Girl Scouts prepare 'Rainbringer' site for Community Blessing

Left, Lizzie Nigash and Tia Stauffer are part of Girl Scout Troup No. 50539, which helped re-landscape the site of “The Rainbringer” sculpture near the roundabout.  - Robin Nigash/Courtesy Photos
Left, Lizzie Nigash and Tia Stauffer are part of Girl Scout Troup No. 50539, which helped re-landscape the site of “The Rainbringer” sculpture near the roundabout.
— image credit: Robin Nigash/Courtesy Photos

Last December, Craig Jacobrown, the artist who created “The Rainbringer” sculpture at the roundabout, installed a replacement for a section damaged in a car crash. He’s been adamant to get as many young people involved as possible in next Saturday’s Community Blessing of the piece. One such group is Girl Scout Troup No. 50539.

On July 29, scouts Lizzie Nigash, Gabi Frank and Tia Stauffer particpated in re-landscaping the site across from the roundabout where the sculpture is installed.

Working with the Bainbridge Island Garden Club, the girls researched and learned about native plants, specifically, drought tolerant plants that can take full sun. Their plan was designed to be low-maintenance and features kinnikinnick, a native ground cover, salal and lady ferns which they added to the existing Oregon grape shrubs.  More than 15 large trash bags of weeds and overgrown plants were removed, uncovering the original “The Rainbringer” plaque from 1991 when the sculpture, the first in the city’s Public Art program, was installed.

They also discovered a basalt rock retaining wall which had been hidden from view. The girls decided to add a dry stream bed of rock and added bark wood chips supplied by the Metro Park District.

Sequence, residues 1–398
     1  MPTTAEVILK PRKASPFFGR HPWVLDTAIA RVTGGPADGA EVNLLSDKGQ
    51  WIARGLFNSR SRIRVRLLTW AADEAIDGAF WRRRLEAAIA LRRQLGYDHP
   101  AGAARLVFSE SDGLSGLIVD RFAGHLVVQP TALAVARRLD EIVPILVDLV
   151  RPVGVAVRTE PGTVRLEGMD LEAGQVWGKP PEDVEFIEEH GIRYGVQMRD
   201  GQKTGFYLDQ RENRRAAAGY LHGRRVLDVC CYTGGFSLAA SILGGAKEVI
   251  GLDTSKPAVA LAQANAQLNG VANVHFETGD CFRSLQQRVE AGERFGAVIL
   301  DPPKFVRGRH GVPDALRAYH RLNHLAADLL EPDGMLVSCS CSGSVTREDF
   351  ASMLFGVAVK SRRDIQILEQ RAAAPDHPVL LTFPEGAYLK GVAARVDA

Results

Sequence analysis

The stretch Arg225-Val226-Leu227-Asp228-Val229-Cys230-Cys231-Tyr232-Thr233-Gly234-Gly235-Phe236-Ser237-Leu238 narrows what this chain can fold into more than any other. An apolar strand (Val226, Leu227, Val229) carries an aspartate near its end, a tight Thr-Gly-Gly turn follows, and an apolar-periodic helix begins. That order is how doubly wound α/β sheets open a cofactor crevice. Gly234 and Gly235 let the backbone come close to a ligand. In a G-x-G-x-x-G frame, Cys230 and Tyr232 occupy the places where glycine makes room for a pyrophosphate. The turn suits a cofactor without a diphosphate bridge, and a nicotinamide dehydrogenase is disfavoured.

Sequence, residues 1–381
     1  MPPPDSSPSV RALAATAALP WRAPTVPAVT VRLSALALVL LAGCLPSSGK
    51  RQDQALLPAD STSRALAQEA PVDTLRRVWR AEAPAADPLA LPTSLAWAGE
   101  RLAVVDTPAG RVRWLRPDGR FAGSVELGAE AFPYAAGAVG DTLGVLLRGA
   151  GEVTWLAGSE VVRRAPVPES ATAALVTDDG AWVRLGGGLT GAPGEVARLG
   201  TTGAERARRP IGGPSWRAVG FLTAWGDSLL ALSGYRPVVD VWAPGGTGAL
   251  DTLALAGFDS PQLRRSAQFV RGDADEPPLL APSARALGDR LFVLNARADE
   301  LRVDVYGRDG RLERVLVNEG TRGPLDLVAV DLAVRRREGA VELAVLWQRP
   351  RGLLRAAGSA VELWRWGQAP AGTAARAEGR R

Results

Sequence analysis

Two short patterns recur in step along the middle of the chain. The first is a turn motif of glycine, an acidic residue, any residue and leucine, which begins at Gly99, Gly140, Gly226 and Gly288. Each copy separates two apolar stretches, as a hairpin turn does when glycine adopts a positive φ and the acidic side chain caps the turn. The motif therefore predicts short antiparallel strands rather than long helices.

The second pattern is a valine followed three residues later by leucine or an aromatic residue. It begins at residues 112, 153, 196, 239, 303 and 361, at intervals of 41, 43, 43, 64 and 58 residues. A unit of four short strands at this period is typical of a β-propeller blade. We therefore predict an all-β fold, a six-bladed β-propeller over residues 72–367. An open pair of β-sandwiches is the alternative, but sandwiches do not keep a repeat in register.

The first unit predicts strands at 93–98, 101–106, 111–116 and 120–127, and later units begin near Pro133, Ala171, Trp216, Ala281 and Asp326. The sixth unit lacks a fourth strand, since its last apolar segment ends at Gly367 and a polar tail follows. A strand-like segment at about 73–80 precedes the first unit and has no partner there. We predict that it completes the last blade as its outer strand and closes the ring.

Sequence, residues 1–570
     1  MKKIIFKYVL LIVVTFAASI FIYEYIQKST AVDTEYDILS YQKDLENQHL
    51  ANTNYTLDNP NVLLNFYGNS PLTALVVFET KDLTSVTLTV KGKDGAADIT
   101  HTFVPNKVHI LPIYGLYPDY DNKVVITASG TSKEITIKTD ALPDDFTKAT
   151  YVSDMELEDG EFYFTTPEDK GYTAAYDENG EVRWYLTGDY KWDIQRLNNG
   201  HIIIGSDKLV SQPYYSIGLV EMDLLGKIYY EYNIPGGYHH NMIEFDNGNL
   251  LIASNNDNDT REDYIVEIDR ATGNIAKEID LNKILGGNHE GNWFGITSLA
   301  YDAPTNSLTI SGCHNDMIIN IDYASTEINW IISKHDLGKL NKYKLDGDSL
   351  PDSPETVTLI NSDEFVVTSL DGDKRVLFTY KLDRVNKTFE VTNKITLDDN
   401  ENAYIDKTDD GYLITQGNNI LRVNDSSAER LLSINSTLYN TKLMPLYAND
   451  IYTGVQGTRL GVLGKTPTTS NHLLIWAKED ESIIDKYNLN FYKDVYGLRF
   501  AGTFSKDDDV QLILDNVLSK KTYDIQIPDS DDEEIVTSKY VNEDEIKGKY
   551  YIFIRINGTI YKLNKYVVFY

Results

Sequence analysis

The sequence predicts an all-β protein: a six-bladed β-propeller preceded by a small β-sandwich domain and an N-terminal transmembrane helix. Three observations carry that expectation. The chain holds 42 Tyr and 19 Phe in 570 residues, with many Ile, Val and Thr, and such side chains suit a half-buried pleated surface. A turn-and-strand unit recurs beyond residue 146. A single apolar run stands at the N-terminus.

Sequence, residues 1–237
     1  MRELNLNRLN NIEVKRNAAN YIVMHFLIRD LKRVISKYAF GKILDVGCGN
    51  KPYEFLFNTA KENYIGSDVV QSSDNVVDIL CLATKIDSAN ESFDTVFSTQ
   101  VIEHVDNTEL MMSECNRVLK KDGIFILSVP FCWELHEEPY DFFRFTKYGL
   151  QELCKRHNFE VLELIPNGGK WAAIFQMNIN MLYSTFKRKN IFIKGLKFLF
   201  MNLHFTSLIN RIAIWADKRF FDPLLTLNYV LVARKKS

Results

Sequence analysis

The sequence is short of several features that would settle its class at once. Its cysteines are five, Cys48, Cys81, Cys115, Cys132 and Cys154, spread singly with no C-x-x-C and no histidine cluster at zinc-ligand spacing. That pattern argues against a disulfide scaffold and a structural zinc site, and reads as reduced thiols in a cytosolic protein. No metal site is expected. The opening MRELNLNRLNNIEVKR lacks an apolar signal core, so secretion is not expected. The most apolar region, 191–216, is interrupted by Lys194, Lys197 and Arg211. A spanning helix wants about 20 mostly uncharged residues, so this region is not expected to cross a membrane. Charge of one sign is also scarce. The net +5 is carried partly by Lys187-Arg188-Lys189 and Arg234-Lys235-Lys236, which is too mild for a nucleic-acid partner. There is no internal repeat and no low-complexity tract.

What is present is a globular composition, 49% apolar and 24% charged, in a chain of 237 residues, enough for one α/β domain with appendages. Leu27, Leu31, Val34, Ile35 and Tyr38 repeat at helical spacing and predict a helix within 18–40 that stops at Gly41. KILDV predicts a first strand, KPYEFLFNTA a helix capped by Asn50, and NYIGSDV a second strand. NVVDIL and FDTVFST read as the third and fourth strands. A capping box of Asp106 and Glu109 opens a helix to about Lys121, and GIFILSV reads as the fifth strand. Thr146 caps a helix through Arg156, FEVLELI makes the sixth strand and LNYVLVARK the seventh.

The girls earned the National Garden Clubs Native Plants Patch while working on the project, as well as their Silver Award, the second highest award in Girl Scouts.

Girl Scout leaders Robin Nigash and Sundi Stauffer guided the girls throughout the project, which included help from Lizzie’s grandparents, Ron and Linda Reisdorf, Alec Stauffer, Ronnie Nigash, Chuck Nigash, and garden club members Lauri Herman and Carol Westover.

Jacobrown has invited the girls to participate in the formal blessing ceremony at 2 p.m. Aug. 13. Members of the Suquamish tribe and Kwakwak’wakw First Nation in British Columbia will be attending.  The girls will participate, along with other island youth, with the giant beach plastic Sea Monster to be constructed from plastic beach debris at KiDiMu next week.

The girls also will prepare an exhibit of photos taken before, during and after the project for the Bainbridge Island Garden Club Flower Show Sept. 16-17.

For more information about the blessing, visit

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